Opinion

For Latinos, the Deportation Crisis Is Personal

Activists at more than 50 rallies around the country this weekend urged the White House to freeze deportations and stop dividing families.

Janet Murguía is the president and CEO of the National Council of La Raza (NCLR).    
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Janet Murguía
April 7, 2014, 5:58 a.m.

Ed­it­or’s Note: More than 50 “Day of Ac­tion” ral­lies took place around the coun­try this week­end, in an ef­fort to bring at­ten­tion to the re­cord-high num­ber of de­port­a­tions. Last month, Pres­id­ent Obama asked the Home­land Se­cur­ity De­part­ment to re­view im­mig­ra­tion law-en­force­ment prac­tices and po­ten­tially ease the rate of de­port­a­tions.

Some­time in the next few days our coun­try will reach a troub­ling mile­stone — the 2 mil­lionth de­port­a­tion un­der the Obama ad­min­is­tra­tion.

Be­gin­ning with our 2007 re­port, Pay­ing the Price, which doc­u­mented the enorm­ous im­pact that de­port­a­tions have on U.S. chil­dren who are left be­hind, the Na­tion­al Coun­cil of La Raza has ex­pressed deep con­cern over the dev­ast­at­ing ef­fects that a re­cord num­ber of de­port­a­tions have had on Lati­nos.

Only re­cently has our mes­sage seemed to have broken through, in large part due to my re­marks at the 2014 NCLR Cap­it­al Awards. What may have made that speech not­able was the per­son­al nature of the strong words I had for both Pres­id­ent Obama and House Speak­er John Boehner.

The reas­on is simple: For me and for the Latino com­munity, the im­mig­ra­tion is­sue is per­son­al. In fact, there is noth­ing more per­son­al than sep­ar­at­ing our fam­il­ies.

For us, 2 mil­lion is not just an ab­stract num­ber. We know the faces and the stor­ies be­hind those num­bers. They in­clude a col­league who wit­nessed her fath­er be­ing taken in­to cus­tody and then de­por­ted; the little girl who burst in­to tears as she asked Pope Fran­cis to help get her fath­er out of de­ten­tion; the ba­bies and tod­dlers placed in­to foster care be­cause their par­ents were picked up while work­ing.

This is not an isol­ated set of an­ec­dotes, but a full-fledged hu­man­it­ari­an crisis.

NCLR’s re­port shows that for every two people de­por­ted, one child is left be­hind. More than 200,000 par­ents of U.S. chil­dren — of­ten the fam­ily’s bread­win­ner — have been de­por­ted in the past two years.

It feels deeply per­son­al to us that poli­cy­makers are not do­ing enough to end, or even al­le­vi­ate, this crisis. It is no secret that we have been frus­trated by the pres­id­ent’s as­ser­tion that his hands are tied. We be­lieve that he can, and should, do more. He is able to do so un­der his ex­ec­ut­ive au­thor­ity, an act that would be well with­in the law.

Our spir­its were lif­ted two weeks ago when the pres­id­ent an­nounced he had ordered the Home­land Se­cur­ity De­part­ment to con­duct a policy re­view. However, the Latino com­munity is fully aware that the ul­ti­mate solu­tion — a per­man­ent, last­ing one — has to come from Con­gress, and that im­mig­ra­tion re­form is be­ing blocked by the House Re­pub­lic­an caucus. That is why I have also had strong, per­son­al words for Speak­er Boehner.

It was both disin­genu­ous and in­sult­ing for the House’s top lead­er to lay the blame for the lack of le­gis­lat­ive re­form on the pres­id­ent’s pur­por­ted re­fus­al to en­force the law, when Boehner’s own mem­bers have been sit­ting on their hands un­will­ing to mark up, dis­cuss, or vote on a bill for al­most a year. That’s how long the Sen­ate bill has been wait­ing for House con­sid­er­a­tion. In fact, in­stead of mov­ing on the most ur­gent is­sue fa­cing the Latino com­munity, the House pushed to undo the over­whelm­ingly pop­u­lar De­ferred Ac­tion for Child­hood Ar­rivals pro­gram, which provides tem­por­ary re­lief to Dream­ers.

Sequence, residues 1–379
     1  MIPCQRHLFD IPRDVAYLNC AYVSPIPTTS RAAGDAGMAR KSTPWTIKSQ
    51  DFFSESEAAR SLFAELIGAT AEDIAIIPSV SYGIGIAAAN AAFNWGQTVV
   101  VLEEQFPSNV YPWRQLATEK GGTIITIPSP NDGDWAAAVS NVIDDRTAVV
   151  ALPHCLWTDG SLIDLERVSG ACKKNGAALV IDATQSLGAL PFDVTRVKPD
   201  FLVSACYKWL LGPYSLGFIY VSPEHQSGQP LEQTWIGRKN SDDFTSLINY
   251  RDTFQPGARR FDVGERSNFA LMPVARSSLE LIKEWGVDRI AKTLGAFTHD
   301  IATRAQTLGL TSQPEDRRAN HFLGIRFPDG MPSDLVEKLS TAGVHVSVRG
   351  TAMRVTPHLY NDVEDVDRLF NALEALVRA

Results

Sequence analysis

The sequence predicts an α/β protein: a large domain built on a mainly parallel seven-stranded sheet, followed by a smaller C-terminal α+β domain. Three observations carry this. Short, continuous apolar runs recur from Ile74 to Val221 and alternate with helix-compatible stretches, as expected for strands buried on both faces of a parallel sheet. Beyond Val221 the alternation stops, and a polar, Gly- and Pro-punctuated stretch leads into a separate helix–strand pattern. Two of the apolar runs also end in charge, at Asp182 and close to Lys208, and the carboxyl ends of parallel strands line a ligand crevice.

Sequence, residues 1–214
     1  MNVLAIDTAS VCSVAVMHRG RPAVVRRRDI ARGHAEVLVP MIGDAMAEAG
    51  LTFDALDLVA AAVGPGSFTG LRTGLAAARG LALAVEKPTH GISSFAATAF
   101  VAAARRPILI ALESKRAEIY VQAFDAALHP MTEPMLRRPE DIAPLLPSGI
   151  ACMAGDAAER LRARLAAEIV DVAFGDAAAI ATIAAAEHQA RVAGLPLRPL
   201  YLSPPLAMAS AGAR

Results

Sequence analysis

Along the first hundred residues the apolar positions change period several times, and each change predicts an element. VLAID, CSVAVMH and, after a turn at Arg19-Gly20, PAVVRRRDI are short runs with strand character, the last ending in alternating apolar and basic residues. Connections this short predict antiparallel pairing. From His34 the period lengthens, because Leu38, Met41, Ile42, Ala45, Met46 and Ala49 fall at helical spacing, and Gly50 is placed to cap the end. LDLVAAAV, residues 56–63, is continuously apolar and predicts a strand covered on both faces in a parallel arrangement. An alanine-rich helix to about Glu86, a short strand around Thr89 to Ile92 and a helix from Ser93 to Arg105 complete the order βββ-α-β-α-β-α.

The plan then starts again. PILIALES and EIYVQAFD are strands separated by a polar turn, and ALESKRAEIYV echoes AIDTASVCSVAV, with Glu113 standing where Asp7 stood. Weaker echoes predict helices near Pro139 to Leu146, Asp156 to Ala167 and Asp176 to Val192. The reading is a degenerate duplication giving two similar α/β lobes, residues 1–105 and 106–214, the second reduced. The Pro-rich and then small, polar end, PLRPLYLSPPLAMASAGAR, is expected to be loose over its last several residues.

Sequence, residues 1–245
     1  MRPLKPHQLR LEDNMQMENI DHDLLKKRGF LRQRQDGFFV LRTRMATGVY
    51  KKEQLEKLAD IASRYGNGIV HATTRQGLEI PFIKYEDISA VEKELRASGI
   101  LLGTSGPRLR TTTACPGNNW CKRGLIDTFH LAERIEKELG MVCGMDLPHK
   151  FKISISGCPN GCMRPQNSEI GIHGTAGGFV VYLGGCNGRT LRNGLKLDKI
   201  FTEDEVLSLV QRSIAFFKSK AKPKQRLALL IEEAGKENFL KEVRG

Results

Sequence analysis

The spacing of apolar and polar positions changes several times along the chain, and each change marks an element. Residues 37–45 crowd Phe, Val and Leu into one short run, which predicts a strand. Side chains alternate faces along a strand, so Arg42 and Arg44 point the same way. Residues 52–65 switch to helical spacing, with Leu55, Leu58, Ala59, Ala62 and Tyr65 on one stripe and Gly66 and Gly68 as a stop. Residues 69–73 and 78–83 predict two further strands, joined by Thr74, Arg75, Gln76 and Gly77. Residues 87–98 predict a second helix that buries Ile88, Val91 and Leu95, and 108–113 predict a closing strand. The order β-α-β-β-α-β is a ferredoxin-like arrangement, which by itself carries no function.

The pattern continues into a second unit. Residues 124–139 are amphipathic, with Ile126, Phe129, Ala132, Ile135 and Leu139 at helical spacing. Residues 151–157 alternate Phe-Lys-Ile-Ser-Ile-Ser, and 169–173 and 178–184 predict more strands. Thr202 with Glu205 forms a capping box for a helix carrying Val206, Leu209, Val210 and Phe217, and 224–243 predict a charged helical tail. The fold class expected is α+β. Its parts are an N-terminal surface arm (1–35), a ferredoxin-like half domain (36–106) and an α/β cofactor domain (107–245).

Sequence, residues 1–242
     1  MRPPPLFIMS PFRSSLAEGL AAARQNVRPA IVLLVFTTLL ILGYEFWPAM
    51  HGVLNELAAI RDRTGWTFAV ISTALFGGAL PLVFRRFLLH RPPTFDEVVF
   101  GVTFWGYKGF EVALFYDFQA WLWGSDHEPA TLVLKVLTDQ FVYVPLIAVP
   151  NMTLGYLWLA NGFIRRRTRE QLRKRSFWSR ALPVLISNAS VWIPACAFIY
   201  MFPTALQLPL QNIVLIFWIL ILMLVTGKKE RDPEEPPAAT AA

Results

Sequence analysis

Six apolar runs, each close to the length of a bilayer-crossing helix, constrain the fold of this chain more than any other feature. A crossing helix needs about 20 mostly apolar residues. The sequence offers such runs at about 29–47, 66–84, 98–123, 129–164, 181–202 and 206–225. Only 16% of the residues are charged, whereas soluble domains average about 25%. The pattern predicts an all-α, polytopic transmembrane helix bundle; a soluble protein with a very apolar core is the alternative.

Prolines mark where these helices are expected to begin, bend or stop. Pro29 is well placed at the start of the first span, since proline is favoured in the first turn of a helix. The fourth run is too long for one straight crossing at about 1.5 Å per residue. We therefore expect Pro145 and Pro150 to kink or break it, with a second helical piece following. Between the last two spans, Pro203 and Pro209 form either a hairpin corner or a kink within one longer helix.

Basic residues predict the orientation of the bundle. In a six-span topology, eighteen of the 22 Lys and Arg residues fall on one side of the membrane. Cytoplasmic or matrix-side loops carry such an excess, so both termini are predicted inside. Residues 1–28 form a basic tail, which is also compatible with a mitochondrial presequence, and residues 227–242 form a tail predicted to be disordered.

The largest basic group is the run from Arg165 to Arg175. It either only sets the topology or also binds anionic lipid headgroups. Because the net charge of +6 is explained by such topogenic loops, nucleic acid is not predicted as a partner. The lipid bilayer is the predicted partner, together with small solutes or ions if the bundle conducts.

The Sen­ate’s re­cent vote against a res­ol­u­tion in hon­or of Cesar Chavez’s birth­day — one of the His­pan­ic com­munity’s most be­loved her­oes — has not gone un­noticed either.

To us, these ac­tions are signs of dis­respect. Re­pub­lic­ans in Con­gress should know that we are tak­ing this in­ac­tion per­son­ally.

To evoke an old say­ing, the per­son­al is polit­ic­al. Earli­er this week, The New York Times re­por­ted on an “en­thu­si­asm gap” among His­pan­ic voters who feel dis­con­nec­ted from both parties. This gap will likely af­fect Demo­crats more than Re­pub­lic­ans in the up­com­ing midterm elec­tions. But while Demo­crats may have a prob­lem this Novem­ber, the Re­pub­lic­ans will face an epic prob­lem in 2016 and every elec­tion there­after if they do not fun­da­ment­ally re­pair their re­la­tion­ship with the fast­est-grow­ing group of voters in the coun­try.

And for both parties, a word to the wise: It will take more than plat­it­udes, stunts, and “feel-good” mar­ket­ing to over­come this gap. It will take real, mean­ing­ful, and — might I say — per­son­al ac­tion.

Janet Mur­guía is the pres­id­ent and CEO of the Na­tion­al Coun­cil of La Raza.

HAVE AN OPIN­ION ON POLICY AND CHAN­GING DEMO­GRAPH­ICS?The Next Amer­ica wel­comes op-ed pieces that ex­plore the polit­ic­al, eco­nom­ic, and so­cial im­pacts of the pro­found ra­cial and cul­tur­al changes fa­cing our na­tion, par­tic­u­larly rel­ev­ant to edu­ca­tion, eco­nomy, the work­force, and health.  Email Jan­ell Ross at jross@na­tion­al­journ­al.com. Please fol­low us on Twit­ter and Face­book.

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